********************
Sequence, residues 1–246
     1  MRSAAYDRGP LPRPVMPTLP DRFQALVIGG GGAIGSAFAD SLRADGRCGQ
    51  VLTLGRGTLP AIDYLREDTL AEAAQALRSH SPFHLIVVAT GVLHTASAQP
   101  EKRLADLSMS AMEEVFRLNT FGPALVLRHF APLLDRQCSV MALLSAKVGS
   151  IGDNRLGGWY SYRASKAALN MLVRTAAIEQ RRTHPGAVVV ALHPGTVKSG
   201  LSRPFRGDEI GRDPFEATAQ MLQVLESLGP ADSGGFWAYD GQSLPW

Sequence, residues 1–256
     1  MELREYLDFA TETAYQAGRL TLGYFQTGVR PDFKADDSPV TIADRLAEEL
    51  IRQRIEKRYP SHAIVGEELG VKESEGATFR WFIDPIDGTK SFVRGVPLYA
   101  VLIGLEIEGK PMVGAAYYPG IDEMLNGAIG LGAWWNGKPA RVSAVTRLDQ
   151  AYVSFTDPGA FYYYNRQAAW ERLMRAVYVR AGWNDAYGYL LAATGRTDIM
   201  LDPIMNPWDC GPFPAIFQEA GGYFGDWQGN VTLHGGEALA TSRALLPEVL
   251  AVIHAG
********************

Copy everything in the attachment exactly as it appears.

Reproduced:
Sequence, residues 1–246
     1  MRSAAYDRGP LPRPVMPTLP DRFQALVIGG GGAIGSAFAD SLRADGRCGQ
    51  VLTLGRGTLP AIDYLREDTL AEAAQALRSH SPFHLIVVAT GVLHTASAQP
   101  EKRLADLSMS AMEEVFRLNT FGPALVLRHF APLLDRQCSV MALLSAKVGS
   151  IGDNRLGGWY SYRASKAALN MLVRTAAIEQ RRTHPGAVVV ALHPGTVKSG
   201  LSRPFRGDEI GRDPFEATAQ MLQVLESLGP ADSGGFWAYD GQSLPW

Sequence, residues 1–256
     1  MELREYLDFA TETAYQAGRL TLGYFQTGVR PDFKADDSPV TIADRLAEEL
    51  IRQRIEKRYP SHAIVGEELG VKESEGATFR WFIDPIDGTK SFVRGVPLYA
   101  VLIGLEIEGK PMVGAAYYPG IDEMLNGAIG LGAWWNGKPA RVSAVTRLDQ
   151  AYVSFTDPGA FYYYNRQAAW ERLMRAVYVR AGWNDAYGYL LAATGRTDIM
   201  LDPIMNPWDC GPFPAIFQEA GGYFGDWQGN VTLHGGEALA TSRALLPEVL
   251  AVIHAG